Tupperware is fighting for its life as a publicly-traded company amid internal financial struggles – and shifting storage preferences.
Once a mainstay of American kitchens known for its direct sales network, the 85-year-old company in March told the Securities and Exchange Commission that it discovered “material weaknesses” in internal financial controls, particularly those related to income taxes. Not only did this result in potentially misstated filings, but Tupperware hasn’t filed any earnings reports since then. In June, it received a notice of non-compliance from the New York Stock Exchange. Then in August, it entered a debt restructuring deal.
Last week, the company reported that Madeline Otero, its svp and chief account officer, is stepping down after 23 years. The filing also reported that the company is working to fix the issues around its financial reporting, with updated filings potentially expected in the fourth quarter.
The financial reporting concerns add another layer of challenges to a corporate operation that’s failed to retain relevancy amid shifting consumer preferences. While Tupperware had become a synecdoche for lidded storage containers, the company started seeing sales dropping in the 2000s. This was exacerbated by the advent of e-commerce. Tupperware’s business is primarily driven by direct sales, a model that’s at odds with the relative convenience of big boxes and Amazon. And while Tupperware has taken steps to become more of an omnichannel business, some analysts say these efforts may have come too late.
“The Company is working to implement remediation efforts with the objective of significantly improving the Company’s internal controls,” the filing said. “A remediation plan will take time to develop, fully implement, and confirm its effectiveness and sustainability. Until a remediation plan is adopted and fully implemented and tested, the material weaknesses described above are expected to continue to exist.”
How Tupperware got here
Operationally, leadership shake-ups and negative sales growth hampered Tupperware prior to the Covid-19 pandemic. In March 2020, Tupperware brought in new CEO Miguel Fernandez, a veteran of Avon and Herbalife, to embarked on a stabilization plan. Then the pandemic offered a burst of energy, with people cooking more at home. Tupperware made a quick pivot to virtual Tupperware parties and digital sales, and wound up posting growth for 2020 and 2021.
The company began to initiate parts of its turnaround plan with efforts like launching products made from new materials, in response to the fact more customers have begun eschew plastic storage altogether in favor of glass or stainless steel. Tupperware also introduced new products like an air fryer and vegetable chopper. But the moment of relevancy passed quickly and by the first quarter of 2022, the brand withdrew its guidance for the year and stocks plummeted 45%.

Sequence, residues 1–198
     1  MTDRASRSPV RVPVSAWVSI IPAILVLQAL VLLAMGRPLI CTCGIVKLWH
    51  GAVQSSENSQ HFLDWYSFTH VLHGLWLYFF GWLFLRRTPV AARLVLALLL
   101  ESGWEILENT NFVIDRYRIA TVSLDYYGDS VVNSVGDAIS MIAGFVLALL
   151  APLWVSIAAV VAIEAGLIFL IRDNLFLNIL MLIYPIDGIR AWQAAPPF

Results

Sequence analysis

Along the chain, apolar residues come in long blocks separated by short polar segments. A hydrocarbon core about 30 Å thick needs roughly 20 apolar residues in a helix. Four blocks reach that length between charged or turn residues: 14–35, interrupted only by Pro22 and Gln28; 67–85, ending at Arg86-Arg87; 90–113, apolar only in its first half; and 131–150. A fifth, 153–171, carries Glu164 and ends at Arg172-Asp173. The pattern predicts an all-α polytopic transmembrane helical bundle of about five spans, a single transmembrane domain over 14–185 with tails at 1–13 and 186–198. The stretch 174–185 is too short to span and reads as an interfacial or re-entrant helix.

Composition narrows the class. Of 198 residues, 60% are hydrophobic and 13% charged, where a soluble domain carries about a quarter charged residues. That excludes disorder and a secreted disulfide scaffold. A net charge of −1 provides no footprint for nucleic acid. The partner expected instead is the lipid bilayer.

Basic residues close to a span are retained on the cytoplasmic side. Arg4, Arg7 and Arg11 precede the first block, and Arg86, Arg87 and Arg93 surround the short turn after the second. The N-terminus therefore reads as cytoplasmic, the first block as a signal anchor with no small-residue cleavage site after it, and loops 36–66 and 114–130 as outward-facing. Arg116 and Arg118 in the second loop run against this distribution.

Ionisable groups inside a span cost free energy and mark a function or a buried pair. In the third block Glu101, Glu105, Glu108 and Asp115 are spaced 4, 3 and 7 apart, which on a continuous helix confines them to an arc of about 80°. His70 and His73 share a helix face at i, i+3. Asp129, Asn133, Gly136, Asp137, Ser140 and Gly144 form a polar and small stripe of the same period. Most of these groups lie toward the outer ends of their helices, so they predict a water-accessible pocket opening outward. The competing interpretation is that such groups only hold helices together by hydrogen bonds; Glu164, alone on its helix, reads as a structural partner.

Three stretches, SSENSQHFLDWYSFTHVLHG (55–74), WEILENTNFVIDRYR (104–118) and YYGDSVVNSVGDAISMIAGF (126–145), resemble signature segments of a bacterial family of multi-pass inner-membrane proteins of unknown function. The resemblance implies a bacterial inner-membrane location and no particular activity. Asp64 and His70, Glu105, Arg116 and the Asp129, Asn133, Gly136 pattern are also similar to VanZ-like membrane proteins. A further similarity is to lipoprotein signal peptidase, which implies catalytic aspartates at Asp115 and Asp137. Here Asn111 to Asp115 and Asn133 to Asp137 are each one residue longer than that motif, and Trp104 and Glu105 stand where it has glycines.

Last year, Tupperware made major strides to become an omnichannel business by opening an Amazon storefront in June, and launching in Target last October. But global sales are still slowing, with an 18% drop in total sales for fiscal year 2022 year-over-year. Sales dropped in every market except South America, attributed to factors including COVID-related lockdowns in China, and declining consumer sentiment. Despite price hikes and an expansion to Target, increased resin prices and inflationary pressure also shrank the company’s margins.
Aaron Sorensen, partner, chief behavioral scientist and head of transformation at Lotis Blue Consulting, works with businesses embarking on turnaround strategies. While the expansion to Target and Amazon may help Tupperware move in the right direction, it may be too little, too late given consumer preferences and competition, Sorensen said.
“The market is very saturated,” he said. “You go to Target, and there’s a ton of brands on the shelves. They have an Amazon storefront but there are thousands of comparable products for lower prices.”
Such expansion also means doing critical operational changes to ensure the supply chain can expand and keep up, Sorensen said. And that’s a skillset that the company, having operated in direct sales for so long, may have trouble mastering quickly.
“They have the assets, and the brand is one of the most iconic brands in retail,” Sorsensen said. “But what seemingly they underestimated was how hard it would be to build an omnichannel ecosystem.”
Namrata Shah is a partner and head of consumer and beauty at PERLab, the industrial redesign practice of global management consultant Kearney. She said Tupperware’s brand equity and nostalgia factor are two of its biggest assets as it attempts to fix its footing and re-market itself.
“There’s been very few brands like Tupperware that are almost thought of as being an inventor and designer of a category,” she said. “It’s not too late them for them, because there’s still trust and brand recall. But they need to capitalize on their equity while it still exists.”
Doing so, Shah said, will require revitalizing its design to better fit with consumer preferences, and add more retail sales channels. The company could also trim its portfolio, which has expanded to include baking tools, cleaning suppliers and other kitchenware that may complicate its image.
“They need to focus on what they’re known for, and what’s driving their loyalty,” Shah said.
Tupperware didn’t immediately respond to a request for an interview with Modern Retail. But CFO Mariela Matute said in an August press release that the company’s latest debt agreement “provides us with the financial flexibility to continue executing on our near-term turnaround efforts as well as our long-term strategy to create a global omni-channel consumer brand.”